The size of a package also motivates a buyer. Maybe the package has “Economy Size”or “Family size” (38)______ (print) on it. This suggests that the large size has the most product for the (39)_____ (little) money. But that is not always true. (40)______ (find) out, a buyer has to know the price of the basic unit and how the product is sold.

Section B

Directions: Complete the following passage by using the words in the box. Each word can only be used once. Note that there is one word more than you need.

weekly test3

experience electric shocks in their home. A smaller number are electrocuted after __41__ with power lines outside the home. Electric shocks can cause a person’s heart or breathing to stop, can also cause burns and are __42__fatal. It is essential for people to learn basic first aid techniques to deal with such __43__.

If you are the first person to reach someone who has had an electric shock, don’t touch them! If they are still holding the appliance that has given them the shock (eg a hair dryer), unplug it or turn off the power at its source. Under no circumstances, try to move the appliance with your hand!

If you can’t turn off the power, use a p iece of wood, like a broom handle or a chair, to __44__ the victim from the appliance or the power source. You may even be able to do this with a folded newspaper.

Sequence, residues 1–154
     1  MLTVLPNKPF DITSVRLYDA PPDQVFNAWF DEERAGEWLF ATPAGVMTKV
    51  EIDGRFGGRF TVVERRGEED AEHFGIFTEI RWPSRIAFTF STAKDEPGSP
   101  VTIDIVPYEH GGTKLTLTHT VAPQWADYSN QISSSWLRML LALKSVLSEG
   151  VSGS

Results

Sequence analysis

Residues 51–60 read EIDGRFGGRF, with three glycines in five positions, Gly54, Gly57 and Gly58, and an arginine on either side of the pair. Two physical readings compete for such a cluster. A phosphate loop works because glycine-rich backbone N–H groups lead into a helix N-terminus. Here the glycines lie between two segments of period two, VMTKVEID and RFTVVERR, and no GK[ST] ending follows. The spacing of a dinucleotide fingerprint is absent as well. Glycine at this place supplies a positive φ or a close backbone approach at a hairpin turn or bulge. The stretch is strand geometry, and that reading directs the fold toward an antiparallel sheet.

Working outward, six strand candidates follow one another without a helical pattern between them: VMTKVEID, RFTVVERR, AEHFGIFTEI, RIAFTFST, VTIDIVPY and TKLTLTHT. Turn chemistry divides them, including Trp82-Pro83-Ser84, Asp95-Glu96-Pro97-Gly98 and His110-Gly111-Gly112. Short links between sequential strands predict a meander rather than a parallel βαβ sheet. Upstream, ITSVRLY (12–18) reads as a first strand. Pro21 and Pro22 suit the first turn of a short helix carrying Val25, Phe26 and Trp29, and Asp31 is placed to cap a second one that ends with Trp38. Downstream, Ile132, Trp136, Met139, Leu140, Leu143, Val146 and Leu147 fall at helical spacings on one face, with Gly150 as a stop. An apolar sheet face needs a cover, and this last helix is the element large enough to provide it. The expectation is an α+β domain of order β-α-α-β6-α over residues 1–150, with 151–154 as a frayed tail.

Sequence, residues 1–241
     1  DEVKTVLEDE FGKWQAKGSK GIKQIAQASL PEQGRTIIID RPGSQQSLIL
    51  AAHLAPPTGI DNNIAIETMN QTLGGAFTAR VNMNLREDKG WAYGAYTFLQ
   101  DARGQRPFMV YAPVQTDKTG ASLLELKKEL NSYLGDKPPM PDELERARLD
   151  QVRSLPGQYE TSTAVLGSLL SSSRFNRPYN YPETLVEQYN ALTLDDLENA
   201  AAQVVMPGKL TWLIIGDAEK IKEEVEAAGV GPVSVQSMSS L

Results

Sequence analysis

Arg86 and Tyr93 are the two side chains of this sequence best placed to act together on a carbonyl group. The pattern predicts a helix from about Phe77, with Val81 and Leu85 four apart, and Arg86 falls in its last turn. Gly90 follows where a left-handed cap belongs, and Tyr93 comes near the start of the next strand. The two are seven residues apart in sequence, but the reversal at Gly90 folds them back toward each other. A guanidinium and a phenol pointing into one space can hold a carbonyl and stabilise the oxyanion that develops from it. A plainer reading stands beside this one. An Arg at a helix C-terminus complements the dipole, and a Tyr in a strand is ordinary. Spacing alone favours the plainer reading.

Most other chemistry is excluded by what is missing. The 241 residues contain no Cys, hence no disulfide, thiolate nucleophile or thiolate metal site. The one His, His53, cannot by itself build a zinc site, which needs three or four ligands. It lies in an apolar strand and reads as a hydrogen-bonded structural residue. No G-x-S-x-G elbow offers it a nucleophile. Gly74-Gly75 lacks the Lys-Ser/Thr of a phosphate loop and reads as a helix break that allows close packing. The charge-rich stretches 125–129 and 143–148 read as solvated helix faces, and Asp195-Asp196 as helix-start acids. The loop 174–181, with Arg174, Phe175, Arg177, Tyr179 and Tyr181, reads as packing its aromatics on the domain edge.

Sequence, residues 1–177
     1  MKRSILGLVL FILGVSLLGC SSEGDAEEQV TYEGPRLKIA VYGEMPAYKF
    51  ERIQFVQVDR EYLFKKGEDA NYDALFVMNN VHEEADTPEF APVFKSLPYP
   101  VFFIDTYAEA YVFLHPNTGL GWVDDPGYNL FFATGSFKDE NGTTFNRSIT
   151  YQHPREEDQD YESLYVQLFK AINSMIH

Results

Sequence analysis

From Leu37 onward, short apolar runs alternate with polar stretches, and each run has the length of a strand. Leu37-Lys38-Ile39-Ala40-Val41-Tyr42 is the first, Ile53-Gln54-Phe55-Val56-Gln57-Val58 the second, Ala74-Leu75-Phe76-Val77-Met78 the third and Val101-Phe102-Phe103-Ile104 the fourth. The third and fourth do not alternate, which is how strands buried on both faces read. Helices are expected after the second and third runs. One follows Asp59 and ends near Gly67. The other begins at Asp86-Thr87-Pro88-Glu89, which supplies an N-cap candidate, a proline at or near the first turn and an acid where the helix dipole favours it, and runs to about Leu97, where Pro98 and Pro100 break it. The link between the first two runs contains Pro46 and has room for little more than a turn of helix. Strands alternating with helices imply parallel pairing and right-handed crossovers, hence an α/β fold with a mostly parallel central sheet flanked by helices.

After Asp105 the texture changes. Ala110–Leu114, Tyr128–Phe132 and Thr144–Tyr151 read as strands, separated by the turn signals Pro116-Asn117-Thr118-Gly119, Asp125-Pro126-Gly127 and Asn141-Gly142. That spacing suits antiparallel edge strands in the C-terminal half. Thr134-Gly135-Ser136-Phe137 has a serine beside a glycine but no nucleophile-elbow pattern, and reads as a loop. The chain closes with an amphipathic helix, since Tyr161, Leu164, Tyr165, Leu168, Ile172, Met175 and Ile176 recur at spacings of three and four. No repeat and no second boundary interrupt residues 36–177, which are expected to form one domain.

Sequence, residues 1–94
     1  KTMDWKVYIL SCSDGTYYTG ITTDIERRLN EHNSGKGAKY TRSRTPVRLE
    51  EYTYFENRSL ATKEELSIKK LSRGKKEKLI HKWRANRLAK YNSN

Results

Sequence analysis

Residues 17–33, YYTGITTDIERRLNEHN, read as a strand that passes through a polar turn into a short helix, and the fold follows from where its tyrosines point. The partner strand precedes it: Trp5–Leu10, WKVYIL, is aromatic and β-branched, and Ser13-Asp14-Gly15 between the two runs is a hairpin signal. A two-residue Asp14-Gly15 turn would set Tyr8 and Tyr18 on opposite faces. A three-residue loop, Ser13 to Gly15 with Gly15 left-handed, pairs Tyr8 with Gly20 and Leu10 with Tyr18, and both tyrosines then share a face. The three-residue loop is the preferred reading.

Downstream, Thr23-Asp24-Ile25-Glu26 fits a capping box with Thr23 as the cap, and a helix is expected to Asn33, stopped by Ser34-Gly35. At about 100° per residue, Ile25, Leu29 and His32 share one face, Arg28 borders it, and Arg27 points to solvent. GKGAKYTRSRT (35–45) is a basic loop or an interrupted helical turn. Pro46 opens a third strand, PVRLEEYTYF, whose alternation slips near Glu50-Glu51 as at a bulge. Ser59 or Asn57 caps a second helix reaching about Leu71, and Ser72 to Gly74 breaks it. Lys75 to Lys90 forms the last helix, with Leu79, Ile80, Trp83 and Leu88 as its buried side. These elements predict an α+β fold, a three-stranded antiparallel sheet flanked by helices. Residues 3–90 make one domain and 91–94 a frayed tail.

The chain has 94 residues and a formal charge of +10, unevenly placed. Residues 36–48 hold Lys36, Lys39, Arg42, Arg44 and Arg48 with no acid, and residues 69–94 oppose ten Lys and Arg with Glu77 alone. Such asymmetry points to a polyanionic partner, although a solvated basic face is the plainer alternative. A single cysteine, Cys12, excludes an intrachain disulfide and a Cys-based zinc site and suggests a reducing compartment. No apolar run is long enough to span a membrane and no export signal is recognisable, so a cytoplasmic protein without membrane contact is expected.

The victim must remain lying down. If they are __45__, victims should be placed on their side. But they should not be moved if there is a possibility of neck or spine injuries unless it is __46__ necessary.

It is essential to __47__ the victim’s body heat, so make sure you __48_____ him or her with a blanket before you do anything else. If the victim is not breathing, _49___ mouth-to-mouth resuscitation(复生). Keep the victim’s head low until professional help arrives.

If the electric shock has been caused by an external power line, the __50__ to the victim and to anybody providing first aid are much greater.

III. Reading Comprehension

Section A

Directions:For each blank in the following passage there are four words or phrases marked A,B,C and D. Fill in each blank with the word or phrase that best fits the context.

What is time? Is it a thing to be saved or spent or wasted, like money? Or is it something we have no __51__ over, like the weather? Is time the same all over the world? That's an easy question, you say. Wherever you go, a minute is 60 seconds, an hour is 60 minutes, a day is 24 hours, and so forth. Well, maybe. But in America, time is more than that. Americans see time as a __52__ resource. Maybe that's why they are fond of the expression, "Time is money."